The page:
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This Week in The Lancet

  • Volume 377 1719 (2011)
  • May 21, 2011

An internship at WHO

After much deliberation, I secured a place at the World Health Organisation (WHO) for two months over the Summer working as an “intern.”  I had no idea what the work would involve.

I was allocated to the Department of Mental Health and Substance Abuse. The department was working on two projects at the time, and I was able to help with both. I did  a systematic review for the “international guidelines on the treatment of opioid dependency.”

The second project was to compile a report on what were the “key players / organizations” interested in alcohol related issues and alcohol policies. This project required extensive reading and evaluation of the literature. It was particularly interesting as I was able to develop a good knowledge base on the issues surrounding the implementation of a “global alcohol policy and the implications it is likely to have on a wide array of organisations including those in the UN set up, other governmental organisations and member states.  This work also formed a good introduction into the understanding of the United Nations set up and the importance of it.

I was also able to attend high profile meetings and meet the world’s specialist in many fields of public health. Such talks were inspirational and only further added to my aspirations of wanting to make a difference to the world of global health. Also since all the UN organisations are located close to each other I was able to pay them a visit.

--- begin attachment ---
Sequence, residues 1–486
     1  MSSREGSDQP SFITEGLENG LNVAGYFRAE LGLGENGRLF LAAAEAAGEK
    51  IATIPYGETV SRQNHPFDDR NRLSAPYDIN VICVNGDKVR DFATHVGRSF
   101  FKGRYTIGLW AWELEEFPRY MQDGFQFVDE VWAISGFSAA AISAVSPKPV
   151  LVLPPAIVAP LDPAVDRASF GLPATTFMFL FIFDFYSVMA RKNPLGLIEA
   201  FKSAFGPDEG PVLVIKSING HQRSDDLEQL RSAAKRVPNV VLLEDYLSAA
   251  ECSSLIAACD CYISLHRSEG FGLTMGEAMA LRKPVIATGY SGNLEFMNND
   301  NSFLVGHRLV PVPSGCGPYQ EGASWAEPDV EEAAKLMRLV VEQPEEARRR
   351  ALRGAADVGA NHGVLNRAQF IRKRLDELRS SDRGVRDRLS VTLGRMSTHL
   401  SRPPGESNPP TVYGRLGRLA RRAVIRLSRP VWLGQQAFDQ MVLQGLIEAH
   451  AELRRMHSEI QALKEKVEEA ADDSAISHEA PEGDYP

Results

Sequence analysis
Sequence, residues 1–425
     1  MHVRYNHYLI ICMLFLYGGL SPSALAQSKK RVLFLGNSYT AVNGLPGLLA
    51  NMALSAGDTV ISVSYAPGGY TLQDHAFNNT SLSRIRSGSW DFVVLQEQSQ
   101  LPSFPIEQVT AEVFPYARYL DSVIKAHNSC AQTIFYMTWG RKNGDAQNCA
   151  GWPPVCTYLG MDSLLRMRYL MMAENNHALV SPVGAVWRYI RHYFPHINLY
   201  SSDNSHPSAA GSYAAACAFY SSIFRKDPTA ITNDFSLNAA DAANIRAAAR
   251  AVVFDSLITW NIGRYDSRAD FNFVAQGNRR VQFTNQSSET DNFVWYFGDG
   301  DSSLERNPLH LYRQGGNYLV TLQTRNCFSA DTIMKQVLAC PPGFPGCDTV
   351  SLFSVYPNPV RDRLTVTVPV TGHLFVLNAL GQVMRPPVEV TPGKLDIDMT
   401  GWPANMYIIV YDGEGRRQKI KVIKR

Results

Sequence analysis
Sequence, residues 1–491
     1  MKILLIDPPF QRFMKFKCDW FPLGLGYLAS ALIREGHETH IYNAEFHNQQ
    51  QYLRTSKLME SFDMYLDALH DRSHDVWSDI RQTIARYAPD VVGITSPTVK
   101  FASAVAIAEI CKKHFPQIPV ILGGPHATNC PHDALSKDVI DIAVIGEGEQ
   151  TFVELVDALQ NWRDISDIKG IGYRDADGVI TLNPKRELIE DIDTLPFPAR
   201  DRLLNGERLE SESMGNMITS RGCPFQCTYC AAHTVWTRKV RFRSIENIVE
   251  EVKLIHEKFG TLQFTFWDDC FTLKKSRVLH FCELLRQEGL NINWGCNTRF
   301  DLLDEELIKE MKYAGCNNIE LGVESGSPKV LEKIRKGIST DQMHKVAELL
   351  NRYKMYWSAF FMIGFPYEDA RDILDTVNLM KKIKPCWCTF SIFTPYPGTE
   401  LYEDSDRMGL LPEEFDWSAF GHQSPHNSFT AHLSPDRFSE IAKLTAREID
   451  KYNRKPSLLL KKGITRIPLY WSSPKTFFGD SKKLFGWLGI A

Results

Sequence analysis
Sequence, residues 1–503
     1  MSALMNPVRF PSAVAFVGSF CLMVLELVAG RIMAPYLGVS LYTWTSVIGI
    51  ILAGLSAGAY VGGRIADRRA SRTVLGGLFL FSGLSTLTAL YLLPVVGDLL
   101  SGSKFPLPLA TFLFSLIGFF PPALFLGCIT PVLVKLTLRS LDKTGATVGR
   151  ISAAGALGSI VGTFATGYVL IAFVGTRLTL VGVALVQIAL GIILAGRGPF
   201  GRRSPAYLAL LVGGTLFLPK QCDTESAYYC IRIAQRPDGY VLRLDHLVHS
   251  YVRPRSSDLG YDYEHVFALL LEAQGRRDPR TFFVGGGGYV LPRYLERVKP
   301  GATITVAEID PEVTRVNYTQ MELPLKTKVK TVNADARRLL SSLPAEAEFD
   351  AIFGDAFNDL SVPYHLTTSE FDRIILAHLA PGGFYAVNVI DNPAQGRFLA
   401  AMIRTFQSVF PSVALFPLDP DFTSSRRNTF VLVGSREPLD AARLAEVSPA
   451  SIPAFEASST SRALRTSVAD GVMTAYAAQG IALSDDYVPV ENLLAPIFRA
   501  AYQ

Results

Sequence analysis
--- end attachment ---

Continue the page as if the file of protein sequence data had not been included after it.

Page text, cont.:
My experiences at WHO broadened my understanding of medicine. There are many dimensions to health and policy, which up until my elective period, I somewhat overlooked. These include political, legal and financial restraints which are so variable in different countries and I certainly began to appreciate such variation at WHO.

There are many opportunities to help such countries such as fundraising to send 5 HIV knowledge base kits to an AIDs orphanage in Africa, which gave me much satisfaction. There is a very active “intern network” that organises many social events, and without a doubt, the interns become very close during their period at WHO.

In conclusion, I strongly recommend that students interested in public health  do an elective placement at WHO, details of which can be found on the WHO website at: http://www.who.int/employment/internship/en/

I left WHO with much admiration for all the employees there, who work intensely to make a change for the better of the millions of people in the world today.

Srimathy Vijayan
4th Year Medical Student
School of Medicine, Health Policy and Practice
University of East Anglia
Norwich NR4 7TJ
s.vijayan@uea.ac.uk

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